My (longwinded) point being - other pax can often help to get your point across. In the above scenario, whilst not grossly serious in the grand scheme of things, that other passengers comments got the phone switched off without having to take drastic action. This is the outcome all of us want, nobody wants to have somebody hauled off an aircraft in handcuffs (not normally anyway).

However, while enlisting the help of other passengers (whether requested or offered) can be useful, it can add fuel to the fire and you can end up trying to end the existing situation, trying to keep the 'helpful' pax out of it and try to stop the whole thing escalating into something worse.

In the Mark I version of this thread, I posted that all round awareness of pax behaviour from the second they step on board can help if things go wrong. This doesnt mean just looking for ABPs who could help in an emergency, be aware of the people who may be most likely to cause disruption and also be aware of those that could help if they do. Its not always as simple as that, but building that sort of awareness day by day will help us all to anticipate situations very early on.

Finally, whilst a minority of the travelling public can be morons, the majority are very pleasant and happy to be on board. If we can all just relax and have a (professional) laugh with those passengers, then maybe the onboard atmosphere will be far more pleasant and it also makes it easier to ask people to behave! Most importantly, it means we can all come home in the evening feeling chilled and happy which has got to be of prime importance!

Safe and enjoyable flying all...

fastjet2k is offline  
Old 12th Nov 2004, 02:03
  #33 (permalink)  
Join Date: Oct 2004
Location: Heaven
Posts: 584

YEAH BABY...What HE said !
DEFCON4 is offline  
Old 12th Nov 2004, 13:44
  #34 (permalink)  
Join Date: Mar 2000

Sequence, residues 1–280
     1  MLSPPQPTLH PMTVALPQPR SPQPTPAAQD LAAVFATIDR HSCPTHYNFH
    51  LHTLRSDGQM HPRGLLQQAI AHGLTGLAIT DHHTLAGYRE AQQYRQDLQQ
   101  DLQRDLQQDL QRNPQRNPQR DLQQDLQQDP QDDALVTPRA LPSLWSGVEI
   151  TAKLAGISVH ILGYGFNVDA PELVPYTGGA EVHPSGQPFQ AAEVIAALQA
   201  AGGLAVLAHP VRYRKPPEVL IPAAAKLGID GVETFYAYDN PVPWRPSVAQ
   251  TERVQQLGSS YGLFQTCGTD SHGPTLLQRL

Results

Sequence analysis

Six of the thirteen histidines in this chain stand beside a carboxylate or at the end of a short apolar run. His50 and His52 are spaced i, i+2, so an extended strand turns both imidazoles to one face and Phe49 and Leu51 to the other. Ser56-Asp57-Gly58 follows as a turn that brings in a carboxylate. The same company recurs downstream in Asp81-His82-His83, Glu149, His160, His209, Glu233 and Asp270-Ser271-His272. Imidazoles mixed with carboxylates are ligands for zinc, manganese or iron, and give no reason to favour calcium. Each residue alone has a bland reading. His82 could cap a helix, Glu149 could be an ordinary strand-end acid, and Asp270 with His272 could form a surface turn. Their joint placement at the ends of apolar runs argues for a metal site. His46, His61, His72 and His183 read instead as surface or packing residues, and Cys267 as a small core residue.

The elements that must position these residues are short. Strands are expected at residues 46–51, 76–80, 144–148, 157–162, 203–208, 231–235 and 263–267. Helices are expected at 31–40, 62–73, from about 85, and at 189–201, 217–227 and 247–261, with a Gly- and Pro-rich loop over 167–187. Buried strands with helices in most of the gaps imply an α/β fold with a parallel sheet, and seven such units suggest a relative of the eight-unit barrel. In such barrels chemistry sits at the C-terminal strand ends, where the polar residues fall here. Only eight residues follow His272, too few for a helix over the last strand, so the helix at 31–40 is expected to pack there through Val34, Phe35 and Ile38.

Location: UK
Posts: 319
"Athena5" referred to..
myriad of CC that have faked bomb threats abroad aircraft?
In recent years I am only aware of one such case.
One of the major points brought out in every CRM course I have ever attended is the importance of listening to the cabin crew. Indeed, there are grounds for suggesting that CC who know their opinions are respected are less likely to indulge in false alarms. It seems unlikely that a senior cabin attendant (whatever her age) would go straight for the big stick of threatening to offload any passenger- unless the passenger semed to be drunk, in which case she would have the legal responsibility to ofload him immediately.
I freely admit that, as crew, my instinct is to side with the cabin crew in these situations. Putting that prejudice aside, my instinct would be to support a young woman being harassed by a group of drunk men.....
CarltonBrowne the FO is offline  
Old 12th Nov 2004, 14:05
  #35 (permalink)  
Posts: n/a
Well maybe I'm going batty or something but in my recollection alone from reading these pages the incidents were in the excess of one, (perhaps myraid was a slight exageration), maybe I'm wrong.
Old 17th Nov 2004, 03:59
  #36 (permalink)  
Join Date: Jan 2004
Location: Planet Earth, mostly
Posts: 447
I think the cabin crew acted entirely appropriately (in the incident in the first post). The only mistake was not unloading all of the Golfers at the start of the flight.
etrang is offline  
Old 18th Nov 2004, 04:35
  #37 (permalink)  
Join Date: Mar 2003
Location: Zürich, Switzerland
Age: 61
Posts: 120
other pax can often help to get your point across

Had a case a few years back on EK from BKK to DXB. The flight had come from somewhere else when I boarded in BKK (can't remember where). Anyway, this guy in the row in front of me had obviously made himself comfortable during the transit stop. When the doors were closed this sweet little FA came up and asked him ever so nicely if he would put his seat upright for departure. The passenger growled and snapped at her like nobody's business. She tried again but he was being obstinate..and she left to get re-inforcements. However, as the plane was taxying, I imagined the cockpit crew were rather busy.

As the guy was blocking my access to the aisle, I just asked him if he really was a prat or just acting like one. I then proceeded to tell him that I had no intention of allowing him to block my access to the aisle in case of a problem and if he didn't put his seat upright NOW, he would have to bear the consequences. Given that I was twice his size it wasn't much of a contest....

It's amazing what a little gentle persuasion can do...no need to raise one's voice at all
Snoopy is offline